How to use this Guide

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This “Survival Guide” is designed for people with a serious mental illness who find themselves in trouble with the law or have contact with criminal justice agencies – especially the police – who are intervening because they believe you are unwell.

The guide will cover each aspect of the process and it will advise you of your rights and responsibilities along the way. In this guide we look at the different stages people may go through as they move through the criminal justice system, as follows:

However, it’s important to remember that most people who enter the system don’t end up in prison, even if they are convicted of an offence.

The criminal justice system is not set up to deal with people with mental illness. The agencies you come across will have some experience in this area but it is not their sole function. It is in your interest (as much as you are able) to be clear about your mental health needs and the treatment and care you need. And don’t assume the worst: the experience of Hafal Members is that the police and others in the criminal justice agencies will usually be helpful to you, especially if you explain your problems to them.

Don’t be afraid to ask questions as you go along. It is perfectly reasonable to ask:

“What is happening to me?”

“Will you let my carer know where I am?”

“Will you arrange for me to see a doctor as I have a mental illness for which I receive/need treatment?”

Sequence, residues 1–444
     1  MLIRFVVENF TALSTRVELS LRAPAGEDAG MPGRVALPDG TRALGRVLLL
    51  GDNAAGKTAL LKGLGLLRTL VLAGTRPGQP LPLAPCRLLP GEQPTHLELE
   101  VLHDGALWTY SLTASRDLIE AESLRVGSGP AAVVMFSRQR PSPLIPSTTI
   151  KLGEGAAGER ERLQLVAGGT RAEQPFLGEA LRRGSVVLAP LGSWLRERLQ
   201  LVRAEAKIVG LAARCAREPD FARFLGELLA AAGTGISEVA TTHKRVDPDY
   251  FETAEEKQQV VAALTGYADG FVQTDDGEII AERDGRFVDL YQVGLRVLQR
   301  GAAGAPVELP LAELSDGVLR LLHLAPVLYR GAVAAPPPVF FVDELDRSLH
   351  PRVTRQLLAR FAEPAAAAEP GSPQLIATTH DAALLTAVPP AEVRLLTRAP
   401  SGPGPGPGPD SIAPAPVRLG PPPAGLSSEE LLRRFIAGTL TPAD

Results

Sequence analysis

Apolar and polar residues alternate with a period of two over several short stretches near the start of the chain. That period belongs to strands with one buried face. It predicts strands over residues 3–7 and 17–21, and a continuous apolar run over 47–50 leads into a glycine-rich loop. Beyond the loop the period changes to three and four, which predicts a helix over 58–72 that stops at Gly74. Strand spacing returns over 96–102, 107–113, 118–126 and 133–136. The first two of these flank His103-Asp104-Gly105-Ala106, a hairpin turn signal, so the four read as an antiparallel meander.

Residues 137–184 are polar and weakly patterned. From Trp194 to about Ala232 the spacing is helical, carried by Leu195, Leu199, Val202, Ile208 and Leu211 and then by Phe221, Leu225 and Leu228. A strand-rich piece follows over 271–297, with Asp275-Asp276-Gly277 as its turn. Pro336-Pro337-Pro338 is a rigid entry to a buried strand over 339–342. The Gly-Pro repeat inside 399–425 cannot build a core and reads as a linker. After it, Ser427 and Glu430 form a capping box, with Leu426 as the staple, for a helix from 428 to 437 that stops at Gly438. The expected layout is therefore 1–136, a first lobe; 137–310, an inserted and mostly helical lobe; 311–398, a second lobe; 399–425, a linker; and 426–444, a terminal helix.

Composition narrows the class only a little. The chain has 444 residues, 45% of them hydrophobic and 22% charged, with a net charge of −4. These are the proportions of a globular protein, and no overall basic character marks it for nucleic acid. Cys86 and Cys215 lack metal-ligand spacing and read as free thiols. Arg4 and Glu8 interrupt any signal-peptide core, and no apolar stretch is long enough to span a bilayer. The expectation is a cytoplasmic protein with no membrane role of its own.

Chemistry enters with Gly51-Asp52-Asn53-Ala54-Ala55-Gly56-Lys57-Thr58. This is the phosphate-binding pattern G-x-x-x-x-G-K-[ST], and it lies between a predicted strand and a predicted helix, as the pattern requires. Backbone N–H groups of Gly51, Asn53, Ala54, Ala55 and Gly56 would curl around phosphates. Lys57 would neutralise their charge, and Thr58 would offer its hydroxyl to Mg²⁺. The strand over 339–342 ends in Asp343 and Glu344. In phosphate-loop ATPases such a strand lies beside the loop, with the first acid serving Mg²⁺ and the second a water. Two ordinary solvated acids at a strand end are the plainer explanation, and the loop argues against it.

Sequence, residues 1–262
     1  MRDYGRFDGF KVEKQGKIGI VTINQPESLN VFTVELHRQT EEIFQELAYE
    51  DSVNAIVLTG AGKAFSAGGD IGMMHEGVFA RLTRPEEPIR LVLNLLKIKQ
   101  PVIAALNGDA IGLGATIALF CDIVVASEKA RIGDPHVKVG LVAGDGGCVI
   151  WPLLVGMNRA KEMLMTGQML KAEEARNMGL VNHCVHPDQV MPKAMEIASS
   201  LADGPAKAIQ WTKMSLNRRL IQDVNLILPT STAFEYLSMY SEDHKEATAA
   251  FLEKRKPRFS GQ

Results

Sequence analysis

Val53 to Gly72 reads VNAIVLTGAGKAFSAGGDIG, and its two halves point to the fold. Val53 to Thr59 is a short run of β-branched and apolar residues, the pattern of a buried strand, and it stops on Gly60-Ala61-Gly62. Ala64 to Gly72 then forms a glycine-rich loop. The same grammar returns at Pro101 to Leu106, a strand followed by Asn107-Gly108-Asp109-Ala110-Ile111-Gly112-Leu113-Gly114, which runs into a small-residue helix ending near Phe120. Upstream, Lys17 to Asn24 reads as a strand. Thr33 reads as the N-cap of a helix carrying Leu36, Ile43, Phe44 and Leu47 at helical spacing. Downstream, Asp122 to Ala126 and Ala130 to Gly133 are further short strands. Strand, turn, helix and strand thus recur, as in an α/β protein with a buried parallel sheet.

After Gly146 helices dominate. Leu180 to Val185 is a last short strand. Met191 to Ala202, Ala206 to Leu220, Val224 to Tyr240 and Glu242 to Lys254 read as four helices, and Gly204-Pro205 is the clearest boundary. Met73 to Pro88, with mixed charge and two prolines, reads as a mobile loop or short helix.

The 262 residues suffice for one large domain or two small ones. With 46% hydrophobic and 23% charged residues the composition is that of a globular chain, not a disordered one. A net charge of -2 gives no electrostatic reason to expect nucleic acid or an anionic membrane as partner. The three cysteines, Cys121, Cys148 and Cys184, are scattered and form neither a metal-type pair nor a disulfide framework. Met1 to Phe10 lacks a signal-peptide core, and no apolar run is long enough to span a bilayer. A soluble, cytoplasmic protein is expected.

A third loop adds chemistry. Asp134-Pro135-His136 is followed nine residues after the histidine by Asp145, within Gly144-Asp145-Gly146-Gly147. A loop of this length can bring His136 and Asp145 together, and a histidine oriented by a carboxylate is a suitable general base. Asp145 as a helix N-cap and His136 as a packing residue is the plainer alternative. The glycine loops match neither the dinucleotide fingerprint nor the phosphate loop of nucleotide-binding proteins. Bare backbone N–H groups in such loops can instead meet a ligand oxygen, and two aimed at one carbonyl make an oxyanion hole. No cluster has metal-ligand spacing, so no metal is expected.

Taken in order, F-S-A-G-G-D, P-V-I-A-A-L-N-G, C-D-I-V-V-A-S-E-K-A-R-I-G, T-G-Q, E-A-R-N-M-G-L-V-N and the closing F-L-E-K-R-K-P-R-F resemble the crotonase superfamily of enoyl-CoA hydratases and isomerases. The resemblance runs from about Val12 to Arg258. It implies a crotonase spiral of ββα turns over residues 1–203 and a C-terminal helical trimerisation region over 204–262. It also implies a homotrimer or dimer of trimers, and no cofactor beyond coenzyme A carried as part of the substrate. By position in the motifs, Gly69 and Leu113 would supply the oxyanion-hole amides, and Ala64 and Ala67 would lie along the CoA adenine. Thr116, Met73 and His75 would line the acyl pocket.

We know that realistically mental illness may sometimes cause people to behave in ways which other people can find strange and problematic, and this can lead to contact with the criminal justice system. In some cases this will not be because you have done anything wrong but because the police feel they need to intervene when you are ill; in other cases you may actually have committed an offence and the police may want to interview and/or charge you, in which case this guide will help you understand what is happening to you.

If you do enter the criminal justice system, we would offer the following general advice, although we give more specific advice in each section:

  • People working in criminal justice agencies will generally want to help you, especially if they understand that you have a mental illness.

 

  • All of the agencies that you may come across have a duty towards people with mental illness under their care. If you want to see their codes that govern your rights and how you are treated, ask them.

 

  • If you are unhappy with any treatment you have received, ask for a complaint form.

 

  • If you have had a positive experience from any of the agencies try to give them positive feedback. This helps agencies to know what they are doing right and this may help other people in the same situation as you.

 

 

In Wales the Mental Health (Wales) Measure 2010 (Welsh law) provides key rights to people with a serious mental illness, including the right to a comprehensive,holistic  care plan if you are a user of secondary mental health services. The care plan can help you to plan your way towards recovery wherever you are in the criminal justice process. For more information visit Hafal’s Mental Health Measure page.